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Proceedings of the International Association of Hydrological Sciences An open-access publication for refereed proceedings in hydrology
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Volume 371
Proc. IAHS, 371, 157–162, 2015
https://doi.org/10.5194/piahs-371-157-2015
© Author(s) 2015. This work is distributed under
the Creative Commons Attribution 3.0 License.
Proc. IAHS, 371, 157–162, 2015
https://doi.org/10.5194/piahs-371-157-2015
© Author(s) 2015. This work is distributed under
the Creative Commons Attribution 3.0 License.

  12 Jun 2015

12 Jun 2015

Evaluation of short-term changes of hydrological response in mountainous basins of the Vitim Plateau (Russia) after forest fires based on data analysis and hydrological modelling

O. M. Semenova1,2, L. S. Lebedeva3, N. V. Nesterova2, and T. A. Vinogradova2 O. M. Semenova et al.
  • 1Gidrotehproekt Ltd., St. Petersburg, Russia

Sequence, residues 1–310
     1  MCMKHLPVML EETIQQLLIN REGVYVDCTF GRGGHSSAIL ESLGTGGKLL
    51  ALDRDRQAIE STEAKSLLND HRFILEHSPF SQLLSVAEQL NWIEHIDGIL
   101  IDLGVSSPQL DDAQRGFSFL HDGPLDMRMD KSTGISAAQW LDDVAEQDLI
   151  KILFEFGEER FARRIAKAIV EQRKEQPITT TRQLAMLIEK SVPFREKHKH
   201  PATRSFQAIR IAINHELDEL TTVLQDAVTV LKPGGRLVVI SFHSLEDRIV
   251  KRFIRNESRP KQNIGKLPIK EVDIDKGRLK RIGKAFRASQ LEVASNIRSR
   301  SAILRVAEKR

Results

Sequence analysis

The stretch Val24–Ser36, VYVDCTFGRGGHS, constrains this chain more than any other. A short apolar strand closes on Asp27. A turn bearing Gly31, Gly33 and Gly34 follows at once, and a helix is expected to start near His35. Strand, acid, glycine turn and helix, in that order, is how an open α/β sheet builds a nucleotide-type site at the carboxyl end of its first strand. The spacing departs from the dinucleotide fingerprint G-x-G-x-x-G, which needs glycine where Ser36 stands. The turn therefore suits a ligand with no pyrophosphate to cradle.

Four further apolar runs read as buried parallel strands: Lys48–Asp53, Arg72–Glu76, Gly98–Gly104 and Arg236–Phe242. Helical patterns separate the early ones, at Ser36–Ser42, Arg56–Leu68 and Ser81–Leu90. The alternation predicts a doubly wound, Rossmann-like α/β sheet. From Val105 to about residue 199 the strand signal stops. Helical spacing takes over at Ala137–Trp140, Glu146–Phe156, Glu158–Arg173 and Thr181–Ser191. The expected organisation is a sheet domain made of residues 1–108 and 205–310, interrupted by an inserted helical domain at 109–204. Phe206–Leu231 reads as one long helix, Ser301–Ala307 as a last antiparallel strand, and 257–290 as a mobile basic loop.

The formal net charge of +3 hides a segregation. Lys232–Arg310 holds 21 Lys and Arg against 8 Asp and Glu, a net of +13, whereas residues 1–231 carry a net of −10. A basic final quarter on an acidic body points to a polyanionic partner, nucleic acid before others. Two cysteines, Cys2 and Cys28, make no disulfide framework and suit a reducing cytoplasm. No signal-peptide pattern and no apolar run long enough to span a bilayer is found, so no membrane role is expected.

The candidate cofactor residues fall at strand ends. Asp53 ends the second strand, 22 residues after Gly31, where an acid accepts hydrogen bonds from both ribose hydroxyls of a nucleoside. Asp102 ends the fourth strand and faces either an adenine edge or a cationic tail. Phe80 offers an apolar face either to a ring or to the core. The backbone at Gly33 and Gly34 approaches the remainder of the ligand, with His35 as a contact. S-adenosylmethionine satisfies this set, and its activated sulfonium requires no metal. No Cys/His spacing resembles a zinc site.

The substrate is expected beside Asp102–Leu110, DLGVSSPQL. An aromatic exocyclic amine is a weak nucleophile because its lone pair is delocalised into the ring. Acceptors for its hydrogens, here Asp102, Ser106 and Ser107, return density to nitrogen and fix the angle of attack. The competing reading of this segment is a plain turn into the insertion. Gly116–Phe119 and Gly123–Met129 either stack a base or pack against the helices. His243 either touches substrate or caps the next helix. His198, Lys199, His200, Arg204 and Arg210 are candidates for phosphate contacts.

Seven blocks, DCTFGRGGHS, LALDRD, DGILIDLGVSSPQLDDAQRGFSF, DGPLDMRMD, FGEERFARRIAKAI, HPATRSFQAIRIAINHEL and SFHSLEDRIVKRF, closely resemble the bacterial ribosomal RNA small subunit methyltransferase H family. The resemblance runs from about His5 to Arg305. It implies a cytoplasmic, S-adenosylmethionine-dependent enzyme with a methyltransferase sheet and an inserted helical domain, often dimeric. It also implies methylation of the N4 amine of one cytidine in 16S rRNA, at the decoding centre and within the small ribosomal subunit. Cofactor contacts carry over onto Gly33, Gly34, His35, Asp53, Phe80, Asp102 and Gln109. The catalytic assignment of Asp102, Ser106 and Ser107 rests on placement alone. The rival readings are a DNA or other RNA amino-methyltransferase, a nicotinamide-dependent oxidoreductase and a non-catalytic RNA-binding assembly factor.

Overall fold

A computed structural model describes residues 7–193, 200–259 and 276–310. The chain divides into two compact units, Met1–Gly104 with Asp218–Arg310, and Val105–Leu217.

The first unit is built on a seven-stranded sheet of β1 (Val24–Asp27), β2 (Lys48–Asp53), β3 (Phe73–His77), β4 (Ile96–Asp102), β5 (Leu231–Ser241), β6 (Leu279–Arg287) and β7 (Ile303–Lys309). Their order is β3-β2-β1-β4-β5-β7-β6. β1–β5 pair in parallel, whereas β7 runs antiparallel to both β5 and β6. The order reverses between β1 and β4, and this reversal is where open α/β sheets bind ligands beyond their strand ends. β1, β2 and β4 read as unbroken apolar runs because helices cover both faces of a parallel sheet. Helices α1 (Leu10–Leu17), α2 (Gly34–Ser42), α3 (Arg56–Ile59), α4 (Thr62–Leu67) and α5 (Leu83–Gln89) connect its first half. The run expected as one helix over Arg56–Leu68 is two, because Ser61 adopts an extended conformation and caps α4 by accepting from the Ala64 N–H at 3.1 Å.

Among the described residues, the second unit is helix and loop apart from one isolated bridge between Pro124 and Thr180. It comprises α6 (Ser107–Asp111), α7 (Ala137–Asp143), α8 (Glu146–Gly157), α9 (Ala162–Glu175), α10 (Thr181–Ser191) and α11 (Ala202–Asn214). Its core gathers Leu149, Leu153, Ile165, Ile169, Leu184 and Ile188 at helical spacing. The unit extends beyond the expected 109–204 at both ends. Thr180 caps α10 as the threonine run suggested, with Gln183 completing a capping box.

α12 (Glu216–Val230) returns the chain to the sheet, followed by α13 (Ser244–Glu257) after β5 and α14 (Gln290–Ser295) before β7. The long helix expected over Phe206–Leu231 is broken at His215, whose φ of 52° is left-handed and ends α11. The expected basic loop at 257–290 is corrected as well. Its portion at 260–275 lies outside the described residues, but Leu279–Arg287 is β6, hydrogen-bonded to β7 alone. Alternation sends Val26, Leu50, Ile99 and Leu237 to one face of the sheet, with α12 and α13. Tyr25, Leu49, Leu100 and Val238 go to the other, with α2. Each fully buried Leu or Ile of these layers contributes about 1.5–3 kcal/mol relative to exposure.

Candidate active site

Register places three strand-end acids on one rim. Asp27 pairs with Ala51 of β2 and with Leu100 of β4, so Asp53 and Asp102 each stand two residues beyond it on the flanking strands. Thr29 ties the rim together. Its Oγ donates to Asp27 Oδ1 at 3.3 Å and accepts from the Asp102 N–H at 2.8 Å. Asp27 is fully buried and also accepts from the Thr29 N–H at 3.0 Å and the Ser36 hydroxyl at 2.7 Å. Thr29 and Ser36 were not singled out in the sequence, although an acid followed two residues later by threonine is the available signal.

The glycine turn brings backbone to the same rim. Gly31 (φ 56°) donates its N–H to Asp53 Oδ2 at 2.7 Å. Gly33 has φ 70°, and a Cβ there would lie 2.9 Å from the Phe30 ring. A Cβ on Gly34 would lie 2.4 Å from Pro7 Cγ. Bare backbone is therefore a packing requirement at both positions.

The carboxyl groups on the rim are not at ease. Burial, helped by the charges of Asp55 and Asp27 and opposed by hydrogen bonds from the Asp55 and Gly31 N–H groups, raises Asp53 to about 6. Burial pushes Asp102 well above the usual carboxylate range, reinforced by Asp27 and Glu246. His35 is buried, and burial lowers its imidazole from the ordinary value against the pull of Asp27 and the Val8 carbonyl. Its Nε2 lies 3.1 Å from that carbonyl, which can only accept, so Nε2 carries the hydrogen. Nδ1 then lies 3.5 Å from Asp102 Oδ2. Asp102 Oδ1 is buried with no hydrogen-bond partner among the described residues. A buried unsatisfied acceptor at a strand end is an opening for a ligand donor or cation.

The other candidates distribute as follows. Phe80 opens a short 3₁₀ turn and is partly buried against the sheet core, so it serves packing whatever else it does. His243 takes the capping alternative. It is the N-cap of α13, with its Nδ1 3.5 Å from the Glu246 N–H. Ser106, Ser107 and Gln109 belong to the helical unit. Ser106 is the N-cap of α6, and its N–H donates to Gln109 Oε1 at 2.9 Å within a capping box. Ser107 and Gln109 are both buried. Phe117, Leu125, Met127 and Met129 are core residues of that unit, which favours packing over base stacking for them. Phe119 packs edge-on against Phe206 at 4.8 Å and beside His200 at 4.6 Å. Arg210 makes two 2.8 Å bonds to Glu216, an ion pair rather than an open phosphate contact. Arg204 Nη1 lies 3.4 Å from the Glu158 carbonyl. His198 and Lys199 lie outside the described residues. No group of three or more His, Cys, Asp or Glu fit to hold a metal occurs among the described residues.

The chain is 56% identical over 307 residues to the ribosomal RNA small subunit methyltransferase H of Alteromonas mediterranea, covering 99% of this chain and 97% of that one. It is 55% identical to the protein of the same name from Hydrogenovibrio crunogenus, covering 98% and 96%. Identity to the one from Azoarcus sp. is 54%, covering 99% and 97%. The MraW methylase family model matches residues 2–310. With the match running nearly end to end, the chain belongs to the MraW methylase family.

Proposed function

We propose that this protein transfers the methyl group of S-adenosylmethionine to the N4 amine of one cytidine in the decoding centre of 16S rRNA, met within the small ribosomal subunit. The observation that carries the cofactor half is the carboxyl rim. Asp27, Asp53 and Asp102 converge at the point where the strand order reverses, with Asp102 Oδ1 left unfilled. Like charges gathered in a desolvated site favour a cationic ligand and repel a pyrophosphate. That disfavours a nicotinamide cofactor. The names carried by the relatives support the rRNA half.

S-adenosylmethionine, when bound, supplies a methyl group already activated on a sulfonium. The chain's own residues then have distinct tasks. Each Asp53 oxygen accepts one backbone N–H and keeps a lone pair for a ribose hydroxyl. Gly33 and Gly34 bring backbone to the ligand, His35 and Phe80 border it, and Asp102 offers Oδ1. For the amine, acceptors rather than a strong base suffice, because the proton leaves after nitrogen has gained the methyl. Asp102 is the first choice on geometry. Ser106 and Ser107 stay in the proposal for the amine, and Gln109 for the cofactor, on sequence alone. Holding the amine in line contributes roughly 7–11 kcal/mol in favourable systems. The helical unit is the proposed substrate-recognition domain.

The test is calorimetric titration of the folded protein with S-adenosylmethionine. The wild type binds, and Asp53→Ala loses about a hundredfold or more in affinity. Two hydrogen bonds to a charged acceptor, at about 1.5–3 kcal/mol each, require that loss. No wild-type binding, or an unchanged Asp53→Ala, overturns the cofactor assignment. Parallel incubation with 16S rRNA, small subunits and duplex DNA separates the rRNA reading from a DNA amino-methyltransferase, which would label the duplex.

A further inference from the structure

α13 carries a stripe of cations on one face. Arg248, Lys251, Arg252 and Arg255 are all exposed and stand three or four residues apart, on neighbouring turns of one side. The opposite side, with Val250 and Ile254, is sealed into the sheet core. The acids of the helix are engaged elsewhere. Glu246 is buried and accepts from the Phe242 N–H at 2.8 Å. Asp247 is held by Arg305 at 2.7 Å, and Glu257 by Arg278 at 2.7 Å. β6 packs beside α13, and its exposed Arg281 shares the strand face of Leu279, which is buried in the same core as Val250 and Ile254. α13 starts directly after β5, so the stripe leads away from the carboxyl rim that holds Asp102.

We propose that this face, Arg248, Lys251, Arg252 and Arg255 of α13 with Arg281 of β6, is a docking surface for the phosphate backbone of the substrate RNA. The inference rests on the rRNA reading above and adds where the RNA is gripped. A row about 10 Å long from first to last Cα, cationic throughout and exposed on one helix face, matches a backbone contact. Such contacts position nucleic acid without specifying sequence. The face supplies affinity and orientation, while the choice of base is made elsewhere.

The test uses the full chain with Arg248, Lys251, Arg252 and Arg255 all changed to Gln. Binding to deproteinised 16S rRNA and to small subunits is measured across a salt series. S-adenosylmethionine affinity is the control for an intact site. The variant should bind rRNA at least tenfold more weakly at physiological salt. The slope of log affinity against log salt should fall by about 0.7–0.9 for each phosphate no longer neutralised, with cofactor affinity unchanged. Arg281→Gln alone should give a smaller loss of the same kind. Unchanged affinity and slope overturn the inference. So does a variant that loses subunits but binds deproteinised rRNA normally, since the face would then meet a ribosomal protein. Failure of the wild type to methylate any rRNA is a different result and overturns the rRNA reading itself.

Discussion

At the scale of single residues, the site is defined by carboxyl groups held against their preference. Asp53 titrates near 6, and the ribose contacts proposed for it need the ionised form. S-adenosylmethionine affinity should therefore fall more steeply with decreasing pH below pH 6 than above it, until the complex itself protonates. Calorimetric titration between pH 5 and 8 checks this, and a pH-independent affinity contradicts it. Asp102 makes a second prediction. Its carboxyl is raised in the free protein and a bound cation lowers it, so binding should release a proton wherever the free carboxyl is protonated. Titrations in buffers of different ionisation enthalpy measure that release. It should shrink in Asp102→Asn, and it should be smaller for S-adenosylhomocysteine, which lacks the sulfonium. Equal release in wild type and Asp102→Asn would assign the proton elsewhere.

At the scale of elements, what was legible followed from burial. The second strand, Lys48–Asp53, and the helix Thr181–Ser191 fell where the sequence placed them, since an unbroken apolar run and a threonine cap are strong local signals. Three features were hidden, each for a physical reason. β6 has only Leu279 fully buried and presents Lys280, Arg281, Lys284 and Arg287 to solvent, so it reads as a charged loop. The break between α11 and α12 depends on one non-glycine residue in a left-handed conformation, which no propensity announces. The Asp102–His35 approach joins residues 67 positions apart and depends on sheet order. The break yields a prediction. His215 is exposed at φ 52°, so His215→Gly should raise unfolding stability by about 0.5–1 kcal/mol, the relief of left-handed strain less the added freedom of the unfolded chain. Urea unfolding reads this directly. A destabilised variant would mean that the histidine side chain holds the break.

• 2St. Petersburg State University, St. Petersburg, Russia
  • 3Melnikov Permafrost Institute, Yakutsk, Russia

Abstract. Twelve mountainous basins of the Vitim Plateau (Eastern Siberia, Russia) with areas ranging from 967 to 18 200 km2 affected by extensive fires in 2003 (from 13 to 78% of burnt area) were delineated based on MODIS Burned Area Product. The studied area is characterized by scarcity of hydrometeorological observations and complex hydrological processes. Combined analysis of monthly series of flow and precipitation was conducted to detect short-term fire impact on hydrological response of the basins. The idea of basin-analogues which have significant correlation of flow with "burnt" watersheds in stationary (pre-fire) period with the assumption that fire impact produced an outlier of established dependence was applied. Available data allowed for qualitative detection of fire-induced changes at two basins from twelve studied. Summer flow at the Amalat and Vitimkan Rivers (22 and 78% proportion of burnt area in 2003, respectively) increased by 40–50% following the fire.The impact of fire on flow from the other basins was not detectable.The hydrological model Hydrograph was applied to simulate runoff formation processes for stationary pre-fire and non-stationary post-fire conditions. It was assumed that landscape properties changed after the fire suggest a flow increase. These changes were used to assess the model parameters which allowed for better model performance in the post-fire period.

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